Trump's coronavirus messaging isn't just racist — it's dangerous

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As the country — and the world — hunkers down in the midst of a global pandemic that threatens to kill millions of people, the president and his allies have seized upon this public health crisis as an opportunity to inject some anti-Asian bigotry into the national discourse. For days now, President Trump and some top Republicans have insisted that the novel COVID-19 form of coronavirus be referred to as the "Chinese virus."

Asked why he insists on calling the disease the "Chinese virus" despite reports of multiple instances of anti-Asian harassment allegedly stemming from fears over the pandemic, Trump claimed Wednesday that it is "not racist at all" because the disease "comes from China."

He also said that Asian Americans weren't being put at risk by the term, because "they probably would agree with it 100%."

The insistence on linking the disease with China has even been defended by the official White House Twitter account:

The president's oldest son, meanwhile, accused the World Health Organization of cowing to China when it announced Wednesday that Chinese authorities had found no new human-to-human cases of coronavirus:

Top White House advisers Kellyanne Conway, meanwhile, tried to thread an impossibly small needle by calling an alleged instance of a White House staffer referring to the coronavirus as "Kung-Flu" to Chinese-American CBS News reporter Weijia Jiang "highly offensive" — while simultaneously casting doubt on whether the incident ever happened. She also dubiously claimed her own moral high ground because, as Conway put it, "I’m married to an Asian."

Republican Sen. John Cornyn (Texas), meanwhile, went straight to the coarsest form of jingoistic bigotry possible, saying it was okay to refer to the disease as the "Chinese virus" because "[Chinese] people eat bats and snakes and dogs and things like that."

It's worth noting that Cornyn was completely wrong when he said China was the source of MERS (the acronym stands for "Middle East respiratory syndrome") and the 2009 swine flu outbreak, which was first identified in Mexico. Then again, Cornyn is the same guy who drank Corona out of a rocks glass over the weekend to show his toughness against the growing pandemic, so maybe this is all to be expected.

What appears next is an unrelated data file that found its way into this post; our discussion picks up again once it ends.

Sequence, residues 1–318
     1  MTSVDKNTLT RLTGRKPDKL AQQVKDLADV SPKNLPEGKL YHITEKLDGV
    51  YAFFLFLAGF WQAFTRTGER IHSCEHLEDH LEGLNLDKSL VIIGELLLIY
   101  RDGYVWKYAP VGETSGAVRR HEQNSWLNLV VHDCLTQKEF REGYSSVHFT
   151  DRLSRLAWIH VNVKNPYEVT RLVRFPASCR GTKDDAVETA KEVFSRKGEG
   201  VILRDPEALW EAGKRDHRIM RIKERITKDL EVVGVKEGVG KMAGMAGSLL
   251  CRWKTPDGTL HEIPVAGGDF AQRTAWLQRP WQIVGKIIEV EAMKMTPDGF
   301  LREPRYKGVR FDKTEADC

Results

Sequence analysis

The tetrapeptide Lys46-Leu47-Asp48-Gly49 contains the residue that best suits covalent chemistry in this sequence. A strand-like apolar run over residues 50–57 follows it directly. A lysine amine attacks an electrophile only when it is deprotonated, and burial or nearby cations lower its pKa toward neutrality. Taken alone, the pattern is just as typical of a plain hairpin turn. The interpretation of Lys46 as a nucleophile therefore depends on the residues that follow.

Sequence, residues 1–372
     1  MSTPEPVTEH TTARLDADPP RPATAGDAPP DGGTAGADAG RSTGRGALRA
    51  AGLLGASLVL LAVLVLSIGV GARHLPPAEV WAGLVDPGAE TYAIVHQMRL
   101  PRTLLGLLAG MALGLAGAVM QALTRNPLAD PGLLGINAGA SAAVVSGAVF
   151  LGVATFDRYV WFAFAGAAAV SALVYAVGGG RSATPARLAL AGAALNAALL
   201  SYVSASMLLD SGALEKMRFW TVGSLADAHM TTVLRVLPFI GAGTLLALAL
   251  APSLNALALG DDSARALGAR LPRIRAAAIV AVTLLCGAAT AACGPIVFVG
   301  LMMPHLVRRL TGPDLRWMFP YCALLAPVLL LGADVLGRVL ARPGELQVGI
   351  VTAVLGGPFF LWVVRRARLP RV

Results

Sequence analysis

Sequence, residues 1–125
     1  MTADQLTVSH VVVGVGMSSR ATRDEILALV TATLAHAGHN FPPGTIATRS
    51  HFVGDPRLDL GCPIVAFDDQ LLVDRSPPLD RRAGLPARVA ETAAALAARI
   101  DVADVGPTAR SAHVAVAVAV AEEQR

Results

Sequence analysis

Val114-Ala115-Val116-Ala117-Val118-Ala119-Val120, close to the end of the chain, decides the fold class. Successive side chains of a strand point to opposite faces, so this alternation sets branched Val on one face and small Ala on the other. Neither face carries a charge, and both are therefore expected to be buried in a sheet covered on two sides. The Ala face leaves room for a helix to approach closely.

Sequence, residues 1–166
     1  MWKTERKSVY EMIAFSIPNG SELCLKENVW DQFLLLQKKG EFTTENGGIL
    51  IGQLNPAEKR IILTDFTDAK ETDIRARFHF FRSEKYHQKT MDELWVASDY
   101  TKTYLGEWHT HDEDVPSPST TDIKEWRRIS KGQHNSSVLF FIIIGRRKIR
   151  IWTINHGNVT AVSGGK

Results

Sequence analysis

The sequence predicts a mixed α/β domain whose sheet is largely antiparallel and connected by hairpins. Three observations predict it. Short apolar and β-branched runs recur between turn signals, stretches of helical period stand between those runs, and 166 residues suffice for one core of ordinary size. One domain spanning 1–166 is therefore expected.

In any case, despite Trump's protestations that referring to the disease as the "Chinese virus" is perfectly appropriate, reports have already begun linking the the president's xenophobic and racist phrasing with related acts of harassment against Asian people across the United States.

In fact, when Jiang initially shared her "Kung-Flu" incident on Twitter, she was bombarded with incredulity and harassment from a number of high profile conservative accounts.

Harassment of Asians hasn't been limited to the internet, either:

In some instances, the anti-Asian bigotry has even turned overtly violent. Last week in New York City, an Asian woman walking in Midtown Manhattan was punched in the face at 9:30 in the morning, with the alleged assailant shouting: "Where is your corona mask, you Asian bitch?"

Writer Noah Cho has warned that "we are not far away from the first Asian person being killed in this country due to flames of fear being stoked against China and Chinese people." Reporter Kimmy Yam at NBC Asian America interviewed New York State Assembly member Yuh-Line Niou, who represents New York City's Chinatown and said she fears Trump is making people feel "justified" in their anti-Asian racism. Trump is "fueling the xenophobia," Niou said.

Of course, if the president and his cronies were really so keen on naming health threats from their country of origin, you'd think he'd have no problem calling every instance of international gun violence featuring a U.S. made firearm an "American shooting." Right?